What do I grieve right now?


This question would throw some people for a loop. What do I mean? What would I grieve right now? Well, in every situation that contains a tragedy, we grieve something. It’s a loss. Something we imagined we had, we had hope for, or was part of real life. Its the genesis of pain. Loss. Perceived loss of a dream….that’s a hard one. we have so many hopes for our every day. I wished John John to play softball with his dad. It was a dream I knew really struck his dad’s heart deep. I hoped for that dream. But, this is a deeper issue. really.

What do we hope for in a child when their born. Each one is different. John John was going to be a ball player. His dad dreamed of coaching his children’s team. I grieve the loss of his ability to run and control the right side of his body. It pains me to see his father falter and not know how to compensate for that dream. John was going to be a boys boy to me. A rough and tumble, cuddly, well-rounded little boy. Who grew into a man who cared deeply for his family and children. Loved the Lord with all his heart and really understood compassion. All things I set out to impart on his young brain. My hopes for him were nothing less that perfection that every mother of a baby has. We pray into their lives the best of intentions, hopes, and dreams. We look at what they are strong at and augment it with all our might. It is a perpetual state of parenting. Our hopes for our children dictate our actions in so many circumstances. Dear God, I grieve the loss of all of those hopes and dreams.

In just a brief moment, all my hopes and dreams were struck down. I felt the pain of loss of an entire lifetime of hope. It fell hard at my feet. It hurt in the deepest places. How can a mother look upon a 3-year-old boy and see nothing? When everything was so contingent on life? Of course there is no answer to that question. A mother can not look upon a child and see nothing.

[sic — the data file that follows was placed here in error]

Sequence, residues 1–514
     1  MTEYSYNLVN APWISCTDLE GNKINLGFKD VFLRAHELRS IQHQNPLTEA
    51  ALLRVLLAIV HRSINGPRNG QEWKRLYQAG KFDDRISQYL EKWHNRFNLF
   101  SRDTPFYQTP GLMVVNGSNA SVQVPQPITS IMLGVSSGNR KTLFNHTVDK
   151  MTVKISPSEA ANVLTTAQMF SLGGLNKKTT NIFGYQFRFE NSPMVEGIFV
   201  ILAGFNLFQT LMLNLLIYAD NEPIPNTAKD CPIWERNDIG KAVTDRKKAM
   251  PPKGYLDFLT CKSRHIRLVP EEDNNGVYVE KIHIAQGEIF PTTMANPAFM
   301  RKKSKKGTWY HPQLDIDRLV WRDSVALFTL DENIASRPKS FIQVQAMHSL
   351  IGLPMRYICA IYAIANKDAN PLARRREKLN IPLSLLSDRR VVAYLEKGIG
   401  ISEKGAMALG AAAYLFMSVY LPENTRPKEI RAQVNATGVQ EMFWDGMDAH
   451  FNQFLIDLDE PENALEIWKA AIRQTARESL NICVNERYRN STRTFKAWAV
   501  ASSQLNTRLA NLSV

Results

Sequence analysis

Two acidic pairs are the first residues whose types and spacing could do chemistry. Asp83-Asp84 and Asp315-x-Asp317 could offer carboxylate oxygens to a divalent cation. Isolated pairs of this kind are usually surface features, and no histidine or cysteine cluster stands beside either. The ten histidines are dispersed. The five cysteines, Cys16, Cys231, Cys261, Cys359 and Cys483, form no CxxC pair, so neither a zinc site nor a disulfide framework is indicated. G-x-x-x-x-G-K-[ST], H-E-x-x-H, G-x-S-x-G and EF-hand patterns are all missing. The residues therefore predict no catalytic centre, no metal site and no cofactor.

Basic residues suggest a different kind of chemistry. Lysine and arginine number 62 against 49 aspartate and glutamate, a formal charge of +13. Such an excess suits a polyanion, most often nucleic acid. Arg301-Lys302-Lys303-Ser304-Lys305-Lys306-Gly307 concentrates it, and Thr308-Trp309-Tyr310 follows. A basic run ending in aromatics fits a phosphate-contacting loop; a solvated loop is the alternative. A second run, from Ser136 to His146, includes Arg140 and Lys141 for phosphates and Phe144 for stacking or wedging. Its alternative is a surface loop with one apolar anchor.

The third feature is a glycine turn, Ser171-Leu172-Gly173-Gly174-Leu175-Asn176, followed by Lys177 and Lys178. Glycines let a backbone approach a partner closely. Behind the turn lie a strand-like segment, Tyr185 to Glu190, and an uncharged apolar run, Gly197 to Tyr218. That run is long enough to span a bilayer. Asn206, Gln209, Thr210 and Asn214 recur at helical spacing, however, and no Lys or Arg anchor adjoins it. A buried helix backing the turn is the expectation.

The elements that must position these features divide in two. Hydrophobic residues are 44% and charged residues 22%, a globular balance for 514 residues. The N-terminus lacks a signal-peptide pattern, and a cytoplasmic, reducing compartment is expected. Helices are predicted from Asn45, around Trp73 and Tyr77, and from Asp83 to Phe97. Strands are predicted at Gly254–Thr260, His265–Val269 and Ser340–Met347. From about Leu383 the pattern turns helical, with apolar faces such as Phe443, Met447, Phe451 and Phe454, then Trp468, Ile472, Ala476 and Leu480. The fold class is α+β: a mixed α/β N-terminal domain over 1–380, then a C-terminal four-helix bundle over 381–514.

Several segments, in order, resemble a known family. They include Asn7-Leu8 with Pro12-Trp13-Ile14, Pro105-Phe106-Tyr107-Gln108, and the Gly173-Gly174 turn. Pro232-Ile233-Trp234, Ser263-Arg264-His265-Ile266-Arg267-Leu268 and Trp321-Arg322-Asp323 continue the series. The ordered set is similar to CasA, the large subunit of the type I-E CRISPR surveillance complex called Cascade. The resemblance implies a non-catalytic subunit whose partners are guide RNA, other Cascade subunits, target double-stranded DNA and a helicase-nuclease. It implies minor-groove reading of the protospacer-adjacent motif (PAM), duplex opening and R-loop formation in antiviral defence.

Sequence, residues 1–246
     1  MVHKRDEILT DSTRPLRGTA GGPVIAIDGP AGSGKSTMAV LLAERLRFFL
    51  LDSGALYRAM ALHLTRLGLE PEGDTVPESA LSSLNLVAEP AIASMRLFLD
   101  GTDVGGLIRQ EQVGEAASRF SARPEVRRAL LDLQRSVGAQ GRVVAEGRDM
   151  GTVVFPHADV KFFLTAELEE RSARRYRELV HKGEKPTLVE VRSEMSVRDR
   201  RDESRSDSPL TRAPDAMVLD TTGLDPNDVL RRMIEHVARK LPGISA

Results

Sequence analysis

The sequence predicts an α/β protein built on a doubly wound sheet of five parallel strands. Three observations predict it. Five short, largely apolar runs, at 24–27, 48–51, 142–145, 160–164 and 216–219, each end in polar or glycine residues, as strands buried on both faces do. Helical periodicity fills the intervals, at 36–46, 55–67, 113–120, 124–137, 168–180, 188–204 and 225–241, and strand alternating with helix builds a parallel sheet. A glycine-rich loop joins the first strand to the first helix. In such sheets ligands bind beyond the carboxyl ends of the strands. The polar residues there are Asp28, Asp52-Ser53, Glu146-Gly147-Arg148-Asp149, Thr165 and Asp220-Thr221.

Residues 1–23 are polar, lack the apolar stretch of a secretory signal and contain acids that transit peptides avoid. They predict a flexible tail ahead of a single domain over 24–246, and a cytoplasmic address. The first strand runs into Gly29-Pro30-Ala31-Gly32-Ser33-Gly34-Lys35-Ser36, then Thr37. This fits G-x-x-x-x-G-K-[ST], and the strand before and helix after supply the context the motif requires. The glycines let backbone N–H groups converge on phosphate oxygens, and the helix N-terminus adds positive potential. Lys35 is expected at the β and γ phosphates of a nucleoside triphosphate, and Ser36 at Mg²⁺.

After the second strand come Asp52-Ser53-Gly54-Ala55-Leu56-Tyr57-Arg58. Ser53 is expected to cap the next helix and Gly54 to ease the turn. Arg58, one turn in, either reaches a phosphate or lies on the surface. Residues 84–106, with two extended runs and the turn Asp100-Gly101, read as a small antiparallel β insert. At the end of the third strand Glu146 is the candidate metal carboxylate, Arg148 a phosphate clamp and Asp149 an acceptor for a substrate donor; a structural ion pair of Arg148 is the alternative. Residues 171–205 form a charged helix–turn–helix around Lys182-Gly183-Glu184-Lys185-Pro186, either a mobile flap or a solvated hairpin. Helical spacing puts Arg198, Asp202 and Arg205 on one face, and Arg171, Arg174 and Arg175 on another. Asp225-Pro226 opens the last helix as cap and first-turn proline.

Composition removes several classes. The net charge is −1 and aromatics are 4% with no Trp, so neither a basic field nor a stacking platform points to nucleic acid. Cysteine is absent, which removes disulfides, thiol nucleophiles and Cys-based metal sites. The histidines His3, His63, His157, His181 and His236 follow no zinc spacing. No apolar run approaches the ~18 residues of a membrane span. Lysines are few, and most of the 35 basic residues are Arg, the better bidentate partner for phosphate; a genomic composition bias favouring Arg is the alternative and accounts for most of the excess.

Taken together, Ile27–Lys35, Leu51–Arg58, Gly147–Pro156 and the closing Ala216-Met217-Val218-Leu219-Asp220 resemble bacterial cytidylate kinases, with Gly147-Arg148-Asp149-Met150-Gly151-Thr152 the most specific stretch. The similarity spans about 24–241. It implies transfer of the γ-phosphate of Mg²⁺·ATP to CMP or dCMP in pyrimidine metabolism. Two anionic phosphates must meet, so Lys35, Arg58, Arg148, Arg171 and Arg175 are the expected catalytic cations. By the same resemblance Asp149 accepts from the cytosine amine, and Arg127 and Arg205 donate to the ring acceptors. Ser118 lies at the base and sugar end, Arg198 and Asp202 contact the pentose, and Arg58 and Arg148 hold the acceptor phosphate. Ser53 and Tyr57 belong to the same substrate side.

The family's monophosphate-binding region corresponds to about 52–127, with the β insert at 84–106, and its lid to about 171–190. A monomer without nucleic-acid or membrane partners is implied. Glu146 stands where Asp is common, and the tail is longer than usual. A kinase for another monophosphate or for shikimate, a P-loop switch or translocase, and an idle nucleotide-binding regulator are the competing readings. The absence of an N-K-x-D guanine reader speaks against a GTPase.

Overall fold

I saw change. I hoped he would now make it through surgery. I hoped he would wake up. I then hoped he would move his right side again. I then hoped he would sit up again. I then hoped he might walk again. I then hoped he would come home. I now and again hope he doesn’t die as a child stricken with cancer. I hope he can overcome brain damage. I hope he can live a normal life. I hope he can identify with his peers. I hope he has the opportunity to struggle with all of these things.

It is a different kind of mindset. I hope for each gift from God. Each grace bestowed upon Him and I plan to struggle right beside him. We bear each others burdens. He is not my burden as a mother, but as a human. I choose to struggle to each next hurdle with the hope that the next one will be right there waiting for us.

But, grief….Its a funny monster. You see, I grieve the loss of my child playing freely in the back yard. I spent a summer building a backyard that every child should have. A giant sand box, a playhouse with a slide and swings, a garden that they could learn to cultivate in, green green grass to run and kick a ball in, roll in, and be children as all children should be.

You see, John John isn’t allowed to go in the backyard anymore. It is a dangerous place for him. Trip hazards, swings that could further damage his brain, uneven surfaces that will trip him and potentially cause head injury, a garden with a cobblestone surface that he trips on, and a slide he can not ever climb to. This is grief. I cry, I sob, I feel a distinct loss. I dreamed and hoped for summers of childhood bliss there. The sound of laughter and fun coming into the windows of my kitchen. I grieve the loss of my sons freedom. My God, it hurts. My God, it is incredibly painful and it strikes a chord that resonates through my whole being. Normalcy has been thrown away. That realization is horrific and tragic for a 3-year-old. It is the whole of life when your small. Freedom to explore.

So, I’ll cut this short a bit. Grief comes in many deep forms. It does not always mean death being imminent. Most of the time it means simple loss of hope and expectation. Who would have known that this would happen? What was there that I could have done to prepare?

Nothing.

Live with no regrets, Faith

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